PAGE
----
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Men and Hair Loss

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A receding hairline. A bald spot spreading on the top of head. Painfully thin hair that is especially noticeable where the hair parts. Some 90% of men will suffer some form of hair loss during their lifetime, often leading to symptoms of low self-esteem, anxiety and depression.
Studies on which nonsurgical treatments work best for male-pattern baldness have been limited, leaving men at a loss as to the most effective solution.

Causes of hair loss

It’s normal to lose hair. We can lose between 50 and 100 hairs a day, often without noticing.
Hair loss is not usually anything to be worried about, but occasionally it can be a sign of a medical condition.
Some types of hair loss are permanent, like male and female pattern baldness. This type of hair loss usually runs in the family.
Other types of hair loss may be temporary. They can be caused by:

  • an illness
  • stress
  • cancer treatment
  • weight loss
  • iron deficiency

Men and Hair Loss


Before making a diagnosis, your doctor will likely give you a physical exam and ask about your diet, your hair care routine, and your medical and family history. You might also have tests, such as the following:

  • Blood test. This might help uncover medical conditions that can cause hair loss.
  • Pull test. Your doctor gently pulls several dozen hairs to see how many come out. This helps determine the stage of the shedding process.
  • Scalp biopsy. Your doctor scrapes samples from the skin or from a few hairs plucked from the scalp to examine the hair roots under a microscope. This can help determine whether an infection is causing hair loss.
  • Light microscopy. Your doctor uses a special instrument to examine hairs trimmed at their bases. Microscopy helps uncover possible disorders of the hair shaft.

Hair Transplants

The two most popular hair transplant procedures are follicular unit transplantation and follicular unit extraction.
Keep in mind that both hair transplant procedures are considered surgery, so they can be expensive and may cause some level of discomfort.
There are also certain risks, including infections and scarring. You may need to do multiple hair transplant treatments to get the desired outcome.

Follicular unit transplantation (FUT)

FUT is the more “classic” method. It involves removing some skin, typically from the back of your scalp, where there’s an abundance of hair. Then, a surgeon removes the follicles from that strip of skin. Finally, they reinsert the hair follicles into the part of the scalp where you’re experiencing hair loss.

Follicular unit extraction (FUE)

In FUE, a surgeon removes hair follicles directly from the scalp and transplants them to the bald parts of the scalp. Direct hair implantation (DHI) is a modified version of this technique in which a specialized tool is used to complete the procedure.

Laser Treatment

Laser treatment is thought to reduce the inflammation in follicles that keeps them from regrowth for some types of hair loss, like alopecia areata. For other types of hair loss, a 2014 reviewTrusted Source suggests that treatment from low-level laser therapy (LLLT) may increase hair growth through other mechanisms.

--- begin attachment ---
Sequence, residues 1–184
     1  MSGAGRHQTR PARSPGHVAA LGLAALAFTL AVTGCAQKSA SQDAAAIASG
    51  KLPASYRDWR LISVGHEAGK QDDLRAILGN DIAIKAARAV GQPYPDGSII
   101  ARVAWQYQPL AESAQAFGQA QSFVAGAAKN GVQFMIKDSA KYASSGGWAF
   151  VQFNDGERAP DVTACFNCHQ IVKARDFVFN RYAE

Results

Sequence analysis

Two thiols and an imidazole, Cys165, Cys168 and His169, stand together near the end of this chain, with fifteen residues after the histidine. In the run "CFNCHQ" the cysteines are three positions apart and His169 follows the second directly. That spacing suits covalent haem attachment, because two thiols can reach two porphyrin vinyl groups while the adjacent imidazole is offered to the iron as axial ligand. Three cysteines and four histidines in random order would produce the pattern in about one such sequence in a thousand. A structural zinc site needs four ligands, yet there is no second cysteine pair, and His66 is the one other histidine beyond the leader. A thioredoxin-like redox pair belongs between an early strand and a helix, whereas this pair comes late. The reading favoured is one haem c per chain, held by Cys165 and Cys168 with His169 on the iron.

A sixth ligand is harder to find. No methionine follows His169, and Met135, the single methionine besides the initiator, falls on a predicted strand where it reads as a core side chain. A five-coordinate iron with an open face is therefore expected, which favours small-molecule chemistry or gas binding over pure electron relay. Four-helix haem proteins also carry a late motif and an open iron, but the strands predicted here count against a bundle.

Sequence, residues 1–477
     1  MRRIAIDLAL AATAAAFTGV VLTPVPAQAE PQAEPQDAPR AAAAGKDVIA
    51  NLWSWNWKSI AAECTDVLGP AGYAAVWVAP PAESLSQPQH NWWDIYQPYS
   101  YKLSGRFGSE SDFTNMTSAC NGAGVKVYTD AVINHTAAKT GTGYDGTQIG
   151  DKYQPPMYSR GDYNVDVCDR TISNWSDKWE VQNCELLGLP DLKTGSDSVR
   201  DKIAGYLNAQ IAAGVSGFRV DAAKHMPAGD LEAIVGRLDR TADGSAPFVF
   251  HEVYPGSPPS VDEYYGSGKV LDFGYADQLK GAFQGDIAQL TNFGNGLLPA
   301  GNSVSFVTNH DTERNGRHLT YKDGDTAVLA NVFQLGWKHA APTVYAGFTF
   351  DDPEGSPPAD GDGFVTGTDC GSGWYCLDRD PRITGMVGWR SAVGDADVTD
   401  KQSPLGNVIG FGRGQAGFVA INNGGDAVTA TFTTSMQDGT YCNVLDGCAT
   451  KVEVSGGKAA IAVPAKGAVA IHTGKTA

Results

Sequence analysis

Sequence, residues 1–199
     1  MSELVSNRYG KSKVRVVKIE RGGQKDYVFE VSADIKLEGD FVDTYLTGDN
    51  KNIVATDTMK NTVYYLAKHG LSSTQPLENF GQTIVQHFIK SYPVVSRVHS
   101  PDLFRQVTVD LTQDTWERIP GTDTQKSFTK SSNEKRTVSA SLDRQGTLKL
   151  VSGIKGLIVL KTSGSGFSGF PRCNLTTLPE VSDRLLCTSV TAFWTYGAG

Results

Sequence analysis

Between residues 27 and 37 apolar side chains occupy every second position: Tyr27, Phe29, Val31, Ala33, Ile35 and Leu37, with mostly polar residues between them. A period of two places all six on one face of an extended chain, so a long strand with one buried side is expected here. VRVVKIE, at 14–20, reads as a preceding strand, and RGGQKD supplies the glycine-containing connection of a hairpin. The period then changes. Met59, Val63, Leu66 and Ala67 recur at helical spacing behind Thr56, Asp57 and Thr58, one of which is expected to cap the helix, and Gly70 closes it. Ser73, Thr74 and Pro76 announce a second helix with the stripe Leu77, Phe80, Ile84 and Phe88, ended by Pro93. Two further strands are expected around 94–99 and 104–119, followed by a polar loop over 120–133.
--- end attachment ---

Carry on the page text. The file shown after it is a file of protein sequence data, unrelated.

There are limited studies to support the effectiveness of laser treatments for hair loss. But a 2016 reviewTrusted Source determined that LLLT is safe and effective when used to treat male pattern hair loss.

Men and Hair Loss

About laser devices for male-pattern hair loss

Several laser devices are now available to treat hair loss at home. The FDA has cleared some. If you see “FDA cleared” on the packaging or within information about the laser, this means the FDA recognizes the laser as a safe treatment.
The requirements for getting FDA cleared are much less stringent than for getting FDA approved.
FDA-approved medications for male-pattern hair loss
The U.S. Food and Drug Administration (FDA) has approved the following medications to treat male-pattern hair loss. Here’s the lowdown on each.

Topical minoxidil (available without a prescription)

Widely available at stores and online, this is the most commonly used treatment for male-pattern hair loss.
What studies show: In clinical trials, minoxidil has been shown to reduce hair loss, stimulate hair growth, and strengthen existing strands of hair. While minoxidil can help, you’re unlikely to see full regrowth.
How to use: Apply to your scalp.
When to use: Minoxidil is applied twice a day, every day.
How long it takes to see results: Some men respond to minoxidil better than others, and some men fail to see any difference. If minoxidil works for you, it can take up to six months to see results. It’s important to follow directions, applying minoxidil twice a day every day.
Possible side effects: When using minoxidil, some men develop an irritated scalp. The newer formulation, which is a foam, seems to reduce this risk. Other possible side effects include an itchy scalp or headaches.
Can be used alone: Many men see results when they use only minoxidil. If you see a dermatologist, your dermatologist may add a prescription medication to your treatment plan. This can improve results.
If you stop using minoxidil: The new hair that grew will fall out. This usually happens within three to four months. Dermatologists report that some men say their hair loss looks worse than before they started applying minoxidil. What’s happening is that you’re seeing the hair loss that would have occurred had you never treated it.


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